Peter Simon, the chairman of Monsoon, will have to maintain his infamously fractious relationship with the City after poor trading forced him to abandon his putative plans to privatise the fashion retailer he founded more than three decades ago.
A collapse in sales at Monsoon, best known for its boho chic fashions, left Mr Simon unable to agree how much to offer minority shareholders for the 24.6 per cent of the company he owns. News of his decision to terminate talks, which he started last July, accompanied warning on profits. Shares in the group fell 23.5p to 369p, wiping £40m off the value of the company.
It is the second time in three years that Mr Simon has tried and failed to take full control of the fashion chain. Last time he was thwarted after minority shareholders dug in their heels over his attempt to buy an extra 20 per cent of the group through a complicated scheme that did not offer investors a premium. The group's shares have more than doubled since.
Analysts had predicted a clash between Mr Simon and the company's minority investors over the valuation of any bid because most of them are still the same hedge funds who refused to accept his previous offer.
Monsoon proved it was not immune to the effects of the retail downturn last autumn, and its trading has since deteriorated, leaving the retailer with too much stock going into the winter sale. Yesterday Monsoon reported a 4 per cent fall in underlying sales for the past 10 weeks, and admitted sales at its new stores have been "disappointing". The company increased its trading footprint by 30 per cent last year after buying 43 former Etam stores.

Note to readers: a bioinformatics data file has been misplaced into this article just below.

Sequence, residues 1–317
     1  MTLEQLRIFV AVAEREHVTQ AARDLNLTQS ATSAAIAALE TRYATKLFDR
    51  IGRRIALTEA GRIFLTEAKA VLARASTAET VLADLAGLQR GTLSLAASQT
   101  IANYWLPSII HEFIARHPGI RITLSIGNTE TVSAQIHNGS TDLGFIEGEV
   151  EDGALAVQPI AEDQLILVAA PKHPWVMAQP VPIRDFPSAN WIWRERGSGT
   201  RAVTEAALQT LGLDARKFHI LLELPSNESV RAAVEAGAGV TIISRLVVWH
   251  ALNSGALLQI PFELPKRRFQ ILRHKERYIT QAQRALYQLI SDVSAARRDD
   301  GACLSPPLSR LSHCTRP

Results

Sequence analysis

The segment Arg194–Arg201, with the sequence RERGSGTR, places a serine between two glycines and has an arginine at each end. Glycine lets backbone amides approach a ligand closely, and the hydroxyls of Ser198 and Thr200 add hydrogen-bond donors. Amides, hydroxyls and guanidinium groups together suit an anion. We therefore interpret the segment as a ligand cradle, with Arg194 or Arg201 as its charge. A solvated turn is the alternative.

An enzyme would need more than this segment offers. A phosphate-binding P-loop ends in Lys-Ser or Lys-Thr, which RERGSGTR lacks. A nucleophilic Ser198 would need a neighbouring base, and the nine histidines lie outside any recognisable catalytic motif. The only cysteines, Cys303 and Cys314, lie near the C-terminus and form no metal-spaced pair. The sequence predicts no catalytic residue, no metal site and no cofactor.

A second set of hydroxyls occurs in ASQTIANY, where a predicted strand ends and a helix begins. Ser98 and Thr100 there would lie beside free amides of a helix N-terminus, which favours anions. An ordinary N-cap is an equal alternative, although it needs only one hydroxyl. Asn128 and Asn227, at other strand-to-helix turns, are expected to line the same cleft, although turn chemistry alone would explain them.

It warned profits for the year to 27 May would be "adversely affected", prompting Seymour Pierce to slash its forecast by 12.5 per cent to £56m. The broker also cut next year's forecast by £11m to £68m.
Richard Ratner, at Seymour Pierce, said the company had too little "transitional merchandise" - an area in which it normally excels. Given the unseasonable weather, this is hitting demand, he added.
Mr Simon has an irreverent attitude towards corporate governance, shunning the likes of independent directors. He avoids the City by refusing to discuss the group's financial results with the media. The company's sole non-executive board member is Anton Simon, Peter's brother.Reuse content